III. Reflections on the Project in the Context of the Class

In attempting to write an empathic South Park episode, I found that using humor in the context of empathic argument is extremely tricky. Many of the examples of successful uses of the Court of Public Opinion that we have discussed in CyberOne, such as the Daily Show, the Colbert Report, and the “Ask a Ninja” clip, have been extremely humorous and entertaining. That entertainment value gives them a great deal more traction in the Court of Public Opinion. They draw the public in, inform them, perhaps even impart radically subversive ideas, while avoiding heavy-handedness and preachiness.

However, in writing my script, it seemed that humor was also often incompatible with empathy. To me, South Park’s brilliance is in its merciless treatment of every side of an issue. The first side is rendered as absurd and hypocritical, so we naturally identify with the opposing side, generally out of a desire to dissociate from those being lampooned. But the cartoon makes a second move, skewering those with whom we have now sided, demanding that we view the idiocy that may underlie every side of the argument. In the end, the cartoon takes away our security in joining one side or the other, and forces us to make our own choices. The process is intensely fun and often provocative, but I do not find it particularly empathic.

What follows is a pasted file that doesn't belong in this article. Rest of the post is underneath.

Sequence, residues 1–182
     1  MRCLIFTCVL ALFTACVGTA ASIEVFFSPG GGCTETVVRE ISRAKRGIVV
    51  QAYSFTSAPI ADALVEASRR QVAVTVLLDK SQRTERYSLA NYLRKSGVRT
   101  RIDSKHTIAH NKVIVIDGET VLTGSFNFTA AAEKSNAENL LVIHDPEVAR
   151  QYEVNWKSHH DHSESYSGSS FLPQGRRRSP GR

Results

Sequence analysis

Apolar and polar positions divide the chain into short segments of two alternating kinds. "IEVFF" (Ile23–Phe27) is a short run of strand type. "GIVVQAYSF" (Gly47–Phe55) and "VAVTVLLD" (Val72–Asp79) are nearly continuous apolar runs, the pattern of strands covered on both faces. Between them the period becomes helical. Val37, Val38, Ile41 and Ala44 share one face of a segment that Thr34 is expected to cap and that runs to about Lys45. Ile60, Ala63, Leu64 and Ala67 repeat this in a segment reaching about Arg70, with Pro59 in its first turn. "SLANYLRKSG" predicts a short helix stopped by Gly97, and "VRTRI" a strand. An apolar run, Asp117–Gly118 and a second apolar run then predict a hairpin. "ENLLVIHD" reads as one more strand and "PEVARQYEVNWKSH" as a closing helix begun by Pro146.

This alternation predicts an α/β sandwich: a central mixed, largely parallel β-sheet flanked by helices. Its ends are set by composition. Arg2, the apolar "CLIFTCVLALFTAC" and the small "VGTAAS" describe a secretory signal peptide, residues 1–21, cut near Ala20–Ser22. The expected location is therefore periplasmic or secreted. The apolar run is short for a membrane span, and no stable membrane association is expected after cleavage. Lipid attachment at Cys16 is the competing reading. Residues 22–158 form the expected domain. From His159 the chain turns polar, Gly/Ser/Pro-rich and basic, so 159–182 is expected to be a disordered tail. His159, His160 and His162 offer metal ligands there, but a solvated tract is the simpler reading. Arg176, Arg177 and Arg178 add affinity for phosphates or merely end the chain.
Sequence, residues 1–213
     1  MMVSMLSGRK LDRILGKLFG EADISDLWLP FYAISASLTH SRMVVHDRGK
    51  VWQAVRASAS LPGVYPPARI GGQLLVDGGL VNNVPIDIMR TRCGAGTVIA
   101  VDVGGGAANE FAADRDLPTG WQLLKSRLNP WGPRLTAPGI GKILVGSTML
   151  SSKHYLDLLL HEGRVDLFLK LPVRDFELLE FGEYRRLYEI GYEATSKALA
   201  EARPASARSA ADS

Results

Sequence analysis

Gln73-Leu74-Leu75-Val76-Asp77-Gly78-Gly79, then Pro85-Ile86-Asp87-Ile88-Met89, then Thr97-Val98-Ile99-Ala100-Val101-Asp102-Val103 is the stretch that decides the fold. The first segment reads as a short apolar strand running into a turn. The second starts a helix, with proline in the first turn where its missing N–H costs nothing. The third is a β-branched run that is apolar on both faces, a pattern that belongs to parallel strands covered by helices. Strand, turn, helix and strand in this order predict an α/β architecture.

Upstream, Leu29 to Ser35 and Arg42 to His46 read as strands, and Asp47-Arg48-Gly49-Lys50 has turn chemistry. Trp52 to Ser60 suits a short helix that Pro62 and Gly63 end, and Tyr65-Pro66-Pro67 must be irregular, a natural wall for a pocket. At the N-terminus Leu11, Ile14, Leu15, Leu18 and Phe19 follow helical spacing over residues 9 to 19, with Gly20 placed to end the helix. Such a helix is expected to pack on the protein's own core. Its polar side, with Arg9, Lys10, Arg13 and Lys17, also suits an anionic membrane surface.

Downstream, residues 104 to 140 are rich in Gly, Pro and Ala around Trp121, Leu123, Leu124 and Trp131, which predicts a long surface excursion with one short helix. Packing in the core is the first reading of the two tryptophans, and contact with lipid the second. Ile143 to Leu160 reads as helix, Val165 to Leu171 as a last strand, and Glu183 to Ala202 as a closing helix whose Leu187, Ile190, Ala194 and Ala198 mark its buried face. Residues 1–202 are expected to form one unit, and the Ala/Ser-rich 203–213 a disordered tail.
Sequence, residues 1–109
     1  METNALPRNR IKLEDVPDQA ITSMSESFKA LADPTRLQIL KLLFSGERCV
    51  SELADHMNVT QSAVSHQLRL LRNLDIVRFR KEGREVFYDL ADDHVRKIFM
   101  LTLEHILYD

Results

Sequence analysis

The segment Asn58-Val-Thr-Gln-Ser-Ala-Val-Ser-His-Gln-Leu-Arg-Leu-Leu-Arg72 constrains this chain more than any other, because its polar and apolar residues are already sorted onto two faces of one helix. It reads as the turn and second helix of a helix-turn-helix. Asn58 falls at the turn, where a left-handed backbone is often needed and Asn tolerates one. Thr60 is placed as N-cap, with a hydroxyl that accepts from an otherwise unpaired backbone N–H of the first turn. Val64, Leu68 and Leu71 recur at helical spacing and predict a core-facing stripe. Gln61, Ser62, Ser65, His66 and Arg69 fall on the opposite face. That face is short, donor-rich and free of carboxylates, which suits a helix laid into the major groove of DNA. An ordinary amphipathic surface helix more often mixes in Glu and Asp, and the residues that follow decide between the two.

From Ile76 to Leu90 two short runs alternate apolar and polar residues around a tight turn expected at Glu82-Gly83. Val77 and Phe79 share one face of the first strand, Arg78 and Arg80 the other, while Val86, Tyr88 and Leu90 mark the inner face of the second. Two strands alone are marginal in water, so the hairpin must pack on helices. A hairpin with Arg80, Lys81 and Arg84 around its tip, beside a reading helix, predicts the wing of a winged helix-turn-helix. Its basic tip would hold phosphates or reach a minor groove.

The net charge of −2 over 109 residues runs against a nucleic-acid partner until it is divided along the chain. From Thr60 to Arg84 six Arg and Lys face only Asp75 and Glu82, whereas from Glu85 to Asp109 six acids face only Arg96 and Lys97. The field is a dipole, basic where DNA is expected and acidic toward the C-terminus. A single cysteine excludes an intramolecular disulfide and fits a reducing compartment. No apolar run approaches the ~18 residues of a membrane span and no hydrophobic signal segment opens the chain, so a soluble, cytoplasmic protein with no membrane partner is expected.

For the purposes of this project, I had to stray from the South Park formula I so love, by both adding and subtracting. I had to add a sense of sincerity that, while it exists in brief snatches in the real South Park, is rarely sustained long enough to create a genuine feeling of empathy. On the other hand, I had to take out the traditional South Park “double move” that is so delightfully unsettling and replace it with a more compassionate treatment of both sides. Perhaps there is room for growth in this, though. Professor Nesson has suggested in class that empathy need not be weak or wishy-washy. I am sure that it also need not be humorless. But to make it humorous is a task that I have started on in this project. I cannot claim to have pulled it off perfectly, but it is a promising step, the first in what seems like a potentially endless series of explorations into the possibilities of this rhetorical form.